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Budget done, here's what you must do with your investments

You can take some profits if your asset allocation demands so

February 05, 2021 / 11:54 AM IST

Despite there being no changes in income taxes, Budget 2021 has implications for your investment portfolio. While equities have been on fire since the Budget announcement, the debt markets have taken on the chin.

Here’s how you should approach your investments, for the rest of 2021.

Equity market rally not reason to gamble

Between January 29 and February 3, the Nifty index rose 8.47 percent. The broad-based rally in equities towards the latter half of last year got a boost from Budget 2021. “The increasing shift to the organized sector after the lockdown, a pro-growth government keen to spend on infrastructure & core sectors and low cost of funds for corporates are positives for stocks in the medium term,” says Sonam Udasi, Senior Fund Manager, Tata Mutual Fund.

Over the last one year, mid-cap funds gave 23.31 percent returns. Small cap funds delivered 25.78 percent returns, while large-cap funds gave 21.53 percent, as per Value Research data.


But Jignesh Shah, Founder of Capital Advisors says that investors must keep their future expectations in check. “Whenever there are market corrections, deploy small lump-sums. Else, it’s best to stagger your purchases in multi-cap or flexi-cap schemes,” he says. Though Budget 2021 holds promise for many themes, beginners are better off avoiding thematic offerings.

If you have heavy profits from your equity mutual funds, it doesn’t mean you have to sell your holdings. A better approach is to “stick to asset allocation: this helps you to sell in a disciplined manner,” says Rishiraj Maheshwari, Founder and CEO, RISCH Wealth & RISCH Family Office. “You can take some profits if your asset allocation pattern demands so and allocate that money to other asset classes such as gold, which are undervalued, in line with your asset allocation based on your risk profile,” he adds.

Interest rate cuts may soon come to an end

The bond markets rallied for the past three years. Budget 2021 brought in a reality check. The government borrowing plans for financial year 2021-22 outlined in Budget 2021 has meant that interest rates may begin to rise eventually.

Still, do not sell your debt funds, say experts. “It is important to stick to your intended investment horizon to ride through the volatile phase,” says Lakshmi Iyer, Chief Investment Officer-Debt, Kotak AMC. “There is ample liquidity in financial markets and Reserve Bank of India is expected to take time before hiking rates,” she adds.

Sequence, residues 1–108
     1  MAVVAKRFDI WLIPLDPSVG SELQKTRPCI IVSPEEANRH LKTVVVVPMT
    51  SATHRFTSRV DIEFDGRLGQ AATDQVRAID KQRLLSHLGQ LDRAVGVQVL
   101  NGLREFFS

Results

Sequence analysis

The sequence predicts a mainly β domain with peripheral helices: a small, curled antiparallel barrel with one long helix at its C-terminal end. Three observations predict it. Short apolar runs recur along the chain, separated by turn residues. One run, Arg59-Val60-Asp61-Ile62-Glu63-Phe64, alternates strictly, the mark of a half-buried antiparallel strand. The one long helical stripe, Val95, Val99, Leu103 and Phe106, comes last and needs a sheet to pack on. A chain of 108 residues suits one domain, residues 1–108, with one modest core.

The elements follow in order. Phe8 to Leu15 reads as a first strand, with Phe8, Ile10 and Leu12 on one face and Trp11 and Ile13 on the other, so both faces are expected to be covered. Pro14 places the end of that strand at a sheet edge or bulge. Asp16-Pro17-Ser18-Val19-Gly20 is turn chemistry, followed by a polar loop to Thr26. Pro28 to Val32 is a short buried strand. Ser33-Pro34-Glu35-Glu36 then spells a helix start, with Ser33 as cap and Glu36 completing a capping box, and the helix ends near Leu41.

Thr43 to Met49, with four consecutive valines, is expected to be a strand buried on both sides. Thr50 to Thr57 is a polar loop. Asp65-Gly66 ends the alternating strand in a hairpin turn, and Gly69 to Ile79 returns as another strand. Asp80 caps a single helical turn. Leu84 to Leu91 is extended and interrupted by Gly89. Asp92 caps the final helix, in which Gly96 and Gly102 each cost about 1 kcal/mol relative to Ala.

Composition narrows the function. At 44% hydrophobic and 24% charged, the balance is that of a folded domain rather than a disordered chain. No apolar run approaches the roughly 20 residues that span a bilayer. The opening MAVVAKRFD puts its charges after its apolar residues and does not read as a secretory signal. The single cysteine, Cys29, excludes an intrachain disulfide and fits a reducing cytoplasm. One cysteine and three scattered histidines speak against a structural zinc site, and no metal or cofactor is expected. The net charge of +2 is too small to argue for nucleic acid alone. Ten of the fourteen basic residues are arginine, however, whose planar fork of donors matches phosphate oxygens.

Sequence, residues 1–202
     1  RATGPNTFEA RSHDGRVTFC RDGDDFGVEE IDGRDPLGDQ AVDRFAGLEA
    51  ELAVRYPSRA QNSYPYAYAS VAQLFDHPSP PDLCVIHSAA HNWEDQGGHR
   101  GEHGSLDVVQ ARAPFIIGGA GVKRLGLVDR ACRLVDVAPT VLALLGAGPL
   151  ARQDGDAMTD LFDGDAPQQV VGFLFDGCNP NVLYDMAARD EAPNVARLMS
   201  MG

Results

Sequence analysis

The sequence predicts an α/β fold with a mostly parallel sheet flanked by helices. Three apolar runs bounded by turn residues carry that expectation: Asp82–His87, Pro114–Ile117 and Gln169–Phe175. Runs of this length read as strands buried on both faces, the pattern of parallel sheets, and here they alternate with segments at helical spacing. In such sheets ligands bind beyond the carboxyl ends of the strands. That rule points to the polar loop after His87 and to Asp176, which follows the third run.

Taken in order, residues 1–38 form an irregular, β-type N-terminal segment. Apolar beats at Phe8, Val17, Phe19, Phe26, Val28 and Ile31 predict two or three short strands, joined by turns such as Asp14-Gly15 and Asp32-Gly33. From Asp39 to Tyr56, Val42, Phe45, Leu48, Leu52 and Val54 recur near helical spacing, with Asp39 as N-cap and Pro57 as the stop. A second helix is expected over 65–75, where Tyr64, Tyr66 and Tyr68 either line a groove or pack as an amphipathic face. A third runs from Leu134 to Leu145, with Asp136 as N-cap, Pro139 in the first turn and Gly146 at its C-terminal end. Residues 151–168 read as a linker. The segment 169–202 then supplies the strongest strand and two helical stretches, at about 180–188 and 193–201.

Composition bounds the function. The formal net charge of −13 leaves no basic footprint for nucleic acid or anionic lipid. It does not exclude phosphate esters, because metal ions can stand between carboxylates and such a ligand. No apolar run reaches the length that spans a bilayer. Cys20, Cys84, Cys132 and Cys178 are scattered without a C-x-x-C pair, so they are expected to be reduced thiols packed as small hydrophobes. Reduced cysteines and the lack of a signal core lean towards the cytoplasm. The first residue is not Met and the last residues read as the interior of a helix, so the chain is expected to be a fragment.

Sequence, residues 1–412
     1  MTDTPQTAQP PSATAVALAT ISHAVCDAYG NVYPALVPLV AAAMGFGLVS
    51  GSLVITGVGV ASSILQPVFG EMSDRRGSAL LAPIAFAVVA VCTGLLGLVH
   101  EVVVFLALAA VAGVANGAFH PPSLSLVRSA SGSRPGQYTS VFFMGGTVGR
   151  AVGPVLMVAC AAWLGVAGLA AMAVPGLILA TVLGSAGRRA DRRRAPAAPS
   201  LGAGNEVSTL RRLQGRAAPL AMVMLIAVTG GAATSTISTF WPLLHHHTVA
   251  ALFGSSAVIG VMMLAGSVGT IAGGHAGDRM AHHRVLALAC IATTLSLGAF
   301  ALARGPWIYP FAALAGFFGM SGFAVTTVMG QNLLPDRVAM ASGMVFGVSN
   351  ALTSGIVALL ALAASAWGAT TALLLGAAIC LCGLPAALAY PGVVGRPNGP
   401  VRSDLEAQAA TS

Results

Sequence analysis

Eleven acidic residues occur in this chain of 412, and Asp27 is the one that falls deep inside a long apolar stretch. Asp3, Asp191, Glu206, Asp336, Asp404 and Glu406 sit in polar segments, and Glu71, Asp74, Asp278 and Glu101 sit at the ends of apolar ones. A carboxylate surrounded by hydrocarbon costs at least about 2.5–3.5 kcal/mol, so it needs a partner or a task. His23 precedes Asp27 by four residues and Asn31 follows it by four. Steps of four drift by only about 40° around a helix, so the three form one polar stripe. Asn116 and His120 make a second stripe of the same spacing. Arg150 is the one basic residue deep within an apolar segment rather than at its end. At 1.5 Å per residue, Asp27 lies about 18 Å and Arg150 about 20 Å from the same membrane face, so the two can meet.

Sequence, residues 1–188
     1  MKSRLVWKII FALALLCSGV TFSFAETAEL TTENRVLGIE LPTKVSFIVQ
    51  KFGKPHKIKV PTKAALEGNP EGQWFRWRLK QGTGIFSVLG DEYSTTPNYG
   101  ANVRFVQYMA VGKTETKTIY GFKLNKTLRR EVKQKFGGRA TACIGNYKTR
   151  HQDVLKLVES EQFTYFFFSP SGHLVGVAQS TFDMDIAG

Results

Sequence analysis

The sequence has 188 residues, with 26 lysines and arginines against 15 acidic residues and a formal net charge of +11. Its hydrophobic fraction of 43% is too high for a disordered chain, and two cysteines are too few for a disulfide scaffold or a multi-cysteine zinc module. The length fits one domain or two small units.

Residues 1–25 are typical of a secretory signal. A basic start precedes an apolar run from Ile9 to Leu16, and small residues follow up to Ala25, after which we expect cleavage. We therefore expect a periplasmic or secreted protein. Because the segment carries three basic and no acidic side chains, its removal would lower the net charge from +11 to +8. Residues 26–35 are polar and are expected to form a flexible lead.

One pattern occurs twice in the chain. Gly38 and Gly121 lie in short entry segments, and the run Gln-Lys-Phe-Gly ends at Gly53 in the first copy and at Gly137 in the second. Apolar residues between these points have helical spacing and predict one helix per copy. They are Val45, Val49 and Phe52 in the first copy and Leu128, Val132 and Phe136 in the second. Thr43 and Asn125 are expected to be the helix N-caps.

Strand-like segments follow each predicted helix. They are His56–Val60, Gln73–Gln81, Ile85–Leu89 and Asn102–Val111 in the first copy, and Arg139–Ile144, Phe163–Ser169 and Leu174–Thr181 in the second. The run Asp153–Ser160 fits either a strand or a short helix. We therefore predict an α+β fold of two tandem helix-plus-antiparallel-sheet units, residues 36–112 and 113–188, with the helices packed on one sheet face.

Reserve Bank of India has maintained status quo on the interest rate front in the monetary policy review on February 5, 2021. But the expected inflation band has been revised upwards to 5.2 percent to 5 percent for first half of FY2021-22. It was at 5.2 percent to 4.6 percent at the time of monetary policy review dated December 4, 2020. RBI has also hinted towards orderly normalization of liquidity by phased increase in cash reserve ratio by 100 basis points to 4 percent by May 2021. This should gradually lift the yields up. Kumaresh Ramakrishnan, chief investment officer- fixed income, PGIM Mutual Fund expects the pace of interest rate reversal is unlikely to be abrupt or immediate.

But investors cannot ignore that rising bond yields push the bond prices down.

“Given the large government borrowing in FY 22 and beyond along with a pick-up in economic activity both local and global and further growth likely as vaccines are administered, we remain cautious on the longer end,” says Kumaresh Ramakrishnan.

Avoid investing in long-term bond and long-term government securities funds now. Stick to short term bond funds. Jitendra Solanki, a SEBI registered investment advisor recommends investments in banking & PSU Bond funds and corporate bond funds. “Though bond funds have done well in the recent past, investors are better off moderating their return expectations going forward,” he says.

“Well-managed credit risk funds can be looked at as yields on ‘AA’ and below rated bonds are expected to continue their downward move reducing the gap between them and their AAA rated counterparts,” says Iyer. Credit risk funds are, of course, for investors with a high risk appetite.

Avoid chasing returns by getting into unrated fixed deposits or bonds.

Gold rally subdued

The yellow metal has posted subdued performance in recent past. Domestic prices of gold lost 10.3 per cent in last six months. Union Budget 2021 has proposed a cut in customs duty on gold to 7.5 percent from 12 percent. It further imposed agriculture and infrastructure development cess on imported gold. “Cut in customs duty has led to drop in value of gold held. However in the medium term, gold prices should appreciate due to ample liquidity in the financial system and gold’s ability to act as a portfolio hedge in uncertain times,” says Shah.

Also read: 4 reasons why you must still invest in gold

Ideally allocate 5 to 10 percent of your investment portfolio to gold. Opt for gold exchange traded funds (or gold fund of funds if you do not have a demat account) or sovereign gold bonds.

What should investors do?

Take stock of your asset allocation. Irrespective of where the markets go from here on, this should be your anchor. Instead of booking profits haphazardly, use market movements to re-allocate your assets. For instance, if the equity share in your portfolio has gone up, move some assets to either gold or debt. Or, if you have some expenses coming up, in say the next 6-9 months, then it’s better to take some money off the table and shift to liquid or overnight funds or your bank account.
Nikhil Walavalkar
first published: Feb 5, 2021 09:48 am
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